Dance Teachers Trending

How Edward Ellison Is Molding Ballet's Future

"The Vaganova style is so pure and logical. It's designed to show your deficiencies, not to disguise them. You're forced to be honest with yourself," says Ellison. Photos by Jim Lafferty

Edward Ellison shapes his students like clay. If a leg needs more turnout, he rotates it and drops the hip into place. If a torso is off-kilter, he pokes and lifts until everything's aligned. During combinations, he watches with intense focus, and when someone pulls off a difficult step or sequence, he radiates pride. His dedication to both his pupils and the Vaganova technique he teaches is evident in his every word and gesture.

Ellison has long been known as a master teacher, but since he launched his own school in 2005, his reputation for excellence has only grown. Ellison Ballet is small by design—during the year, there are usually between 30 and 40 students, while the summer intensives draw 175 to 200—but the school's output rivals that of larger, more famous academies. Ellison only accepts the best of the best, dancers who show potential that he's confident he can shape into something spectacular. That attitude pays dividends; his students dominate at major ballet competitions, and his graduates perform with top-tier companies around the world.

"We expect a lot from our students," Ellison says. "I believe they can achieve something extraordinary, but to achieve the extraordinary takes extraordinary work. How much you want that end result will show in what you do every day." Given his complete commitment to his students, he could just as easily be speaking about himself.


An Unconventional Start

Before Ellison did his first tendu, he was a champion break-dancer. When he was 18, a fellow street dancer convinced him to take a summer intensive at a studio in San Diego, to try other dance styles.

"Ballet fascinated me," he says. "I would look at what the advanced boys were doing, and it was very exciting. And yet, in the beginning class, we weren't trying to do those jumps and turns. We were standing at the barre while the teacher corrected our stance. As an athlete and a break-dancer, I'd never experienced anything like it."

Interest piqued, he signed on for year-round training. In addition to his beginner classes, he was invited to study with Marius Zirra, a Romanian who'd trained in St. Petersburg, Russia, and defected to the U.S. Ellison spent the next two years immersing himself in ballet, and when Zirra left the school, he searched for a teacher who would be equally knowledgeable and passionate about ballet. He briefly landed at Houston Ballet Academy, and after only five months was offered a company apprenticeship, which he turned down in favor of further training.

At San Francisco Ballet School, Ellison found his next mentor: former Bolshoi Ballet dancer Larisa Sklyanskaya. "She tore us to shreds," Ellison says, laughing. "She emphasized the use of parts of the body that other teachers weren't even talking about. The improvements we made in two years with her were remarkable." At 22, Ellison joined San Francisco Ballet, where he remained for 10 years.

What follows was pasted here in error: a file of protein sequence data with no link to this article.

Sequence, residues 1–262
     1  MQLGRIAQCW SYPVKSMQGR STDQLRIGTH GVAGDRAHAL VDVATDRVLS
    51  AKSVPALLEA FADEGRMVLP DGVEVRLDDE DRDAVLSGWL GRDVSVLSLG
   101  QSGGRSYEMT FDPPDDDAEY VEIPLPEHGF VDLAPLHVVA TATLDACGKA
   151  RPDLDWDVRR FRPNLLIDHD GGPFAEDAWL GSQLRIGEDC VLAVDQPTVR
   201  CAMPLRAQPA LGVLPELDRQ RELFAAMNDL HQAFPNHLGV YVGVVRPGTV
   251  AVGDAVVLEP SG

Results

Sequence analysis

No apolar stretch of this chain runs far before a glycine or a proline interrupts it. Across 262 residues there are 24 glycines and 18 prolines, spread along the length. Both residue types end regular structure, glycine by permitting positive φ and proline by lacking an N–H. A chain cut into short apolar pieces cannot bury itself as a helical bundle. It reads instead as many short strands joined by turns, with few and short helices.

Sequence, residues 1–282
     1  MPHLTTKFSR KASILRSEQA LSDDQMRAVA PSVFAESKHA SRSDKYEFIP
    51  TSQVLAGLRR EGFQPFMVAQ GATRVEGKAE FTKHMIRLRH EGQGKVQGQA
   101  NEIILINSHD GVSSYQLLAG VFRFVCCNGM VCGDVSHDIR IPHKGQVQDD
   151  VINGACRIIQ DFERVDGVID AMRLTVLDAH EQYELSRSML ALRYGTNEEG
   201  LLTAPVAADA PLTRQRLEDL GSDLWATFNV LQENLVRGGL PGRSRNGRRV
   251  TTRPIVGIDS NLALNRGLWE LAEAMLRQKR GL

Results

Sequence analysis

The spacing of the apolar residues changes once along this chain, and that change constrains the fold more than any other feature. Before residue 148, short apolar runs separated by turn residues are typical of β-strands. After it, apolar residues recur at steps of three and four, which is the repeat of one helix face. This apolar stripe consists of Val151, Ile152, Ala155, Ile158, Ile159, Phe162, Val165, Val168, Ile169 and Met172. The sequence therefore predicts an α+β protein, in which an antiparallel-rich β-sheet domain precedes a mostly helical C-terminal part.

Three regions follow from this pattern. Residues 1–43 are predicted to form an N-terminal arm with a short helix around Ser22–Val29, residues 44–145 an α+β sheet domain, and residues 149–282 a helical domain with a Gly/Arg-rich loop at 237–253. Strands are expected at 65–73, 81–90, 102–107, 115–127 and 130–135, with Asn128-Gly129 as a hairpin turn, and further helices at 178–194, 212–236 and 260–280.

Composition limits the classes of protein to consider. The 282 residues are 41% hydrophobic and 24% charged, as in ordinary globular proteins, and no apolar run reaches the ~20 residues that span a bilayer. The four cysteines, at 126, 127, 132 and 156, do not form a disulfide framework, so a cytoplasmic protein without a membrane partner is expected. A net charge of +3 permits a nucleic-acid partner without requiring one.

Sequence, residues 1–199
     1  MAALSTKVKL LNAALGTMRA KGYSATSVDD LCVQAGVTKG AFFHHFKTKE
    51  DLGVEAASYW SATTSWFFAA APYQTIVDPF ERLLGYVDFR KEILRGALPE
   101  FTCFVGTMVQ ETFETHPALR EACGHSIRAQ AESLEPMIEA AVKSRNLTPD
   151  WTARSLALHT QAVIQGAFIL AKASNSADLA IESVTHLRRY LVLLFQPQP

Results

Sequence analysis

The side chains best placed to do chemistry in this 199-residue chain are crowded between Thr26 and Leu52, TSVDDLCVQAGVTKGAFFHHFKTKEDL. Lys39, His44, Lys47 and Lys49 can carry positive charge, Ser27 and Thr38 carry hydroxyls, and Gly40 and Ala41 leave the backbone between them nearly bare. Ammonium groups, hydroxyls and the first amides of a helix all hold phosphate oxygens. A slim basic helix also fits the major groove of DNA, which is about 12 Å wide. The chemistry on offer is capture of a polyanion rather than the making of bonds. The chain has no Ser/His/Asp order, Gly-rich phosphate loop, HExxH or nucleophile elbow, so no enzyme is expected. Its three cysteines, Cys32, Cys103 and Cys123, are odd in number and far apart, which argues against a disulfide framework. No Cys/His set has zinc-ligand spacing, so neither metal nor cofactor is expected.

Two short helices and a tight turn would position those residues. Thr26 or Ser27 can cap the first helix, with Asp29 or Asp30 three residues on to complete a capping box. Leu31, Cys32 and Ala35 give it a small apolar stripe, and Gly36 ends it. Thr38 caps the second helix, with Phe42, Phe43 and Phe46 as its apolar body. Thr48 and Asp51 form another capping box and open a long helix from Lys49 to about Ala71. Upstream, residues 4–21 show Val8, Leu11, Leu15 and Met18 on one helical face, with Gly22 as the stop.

A Surprise Passion

"I honestly never dreamed of being a teacher," Ellison says. And yet, the first time he was asked to lead a class, he was excited to discover a natural rapport with the students. He had a chance to hone his pedagogy during his final year with SFB. While on injury leave, he asked Sklyanskaya if he could observe her classes. Soon, he'd accumulated stacks of notebooks. "I wrote down every combination, every correction, every metaphor," he says. "When Sklyanskaya saw how serious I was, she started asking me to give corrections and create combinations."

Ellison leads a session of his summer intensive at Manhattan Movement and Arts Center.

When he left the company, Ellison took a teaching job at SFBS. But it wasn't long before he felt like he needed a change of scenery. He moved to New York City in 1997 and spent a few years teaching open classes, including at Steps on Broadway and Peridance. He also led company classes at American Ballet Theatre, Alvin Ailey American Dance Theater and the Metropolitan Opera Ballet, and he offered private lessons. Still, he wanted to do more.

An Impossible Dream

Ellison clearly recalls the December 2004 day when the seed that would become Ellison Ballet was planted. "I was in the hallway at Steps," he says, "and I mentioned to a friend that I was frustrated. If I wanted to really instill my knowledge, I needed to see my students for more hours, every single day. My friend told me, 'Start a school.'"

As with each turning point in his life, Ellison jumped in straightaway, but not everyone around him was supportive. "The more people I spoke to, the more I learned why I was going to fail!" he says. "I didn't have money or backers. How could I hope to compete with the major schools in the city? People also said, 'You're moving too fast. Wait a year.' But I felt momentum. I had to try."

In 2005, his first summer intensive attracted 22 students. Ten girls signed on for his first full year of classes, held at New Dance Group in Manhattan. Ellison wasn't at all disappointed by the small turnout. "I wanted to have a selective school," he explains. "I wasn't going to accept someone just because they could pay the tuition." The operation was bare-bones, but the dancers were hungry. Some had even left prestigious academies to study with Ellison.

The biggest roadblock in those early years was studio space. In 2008, Ellison learned that New Dance Group was closing its doors. He was given one month to relocate. "For the next year and a half, we jumped from studio to studio," he says. "Some days we'd start at 11 am, and other days at 3 pm." He was working around the clock and barely earning a salary, but he was convinced that the school would land on its feet. In the meantime, the talent kept showing up.

A Philosophy That Works

Ellison Ballet has been based at Manhattan Movement and Arts Center since 2011. Dancers ages 12 to 19 are split into junior girls, senior girls and a boys' class. They're in the studio from 10:30 to 4:30 daily, studying ballet technique, pointe, pas de deux, variations and contemporary. Many also have private coaching with Ellison. (Academics are completed online.)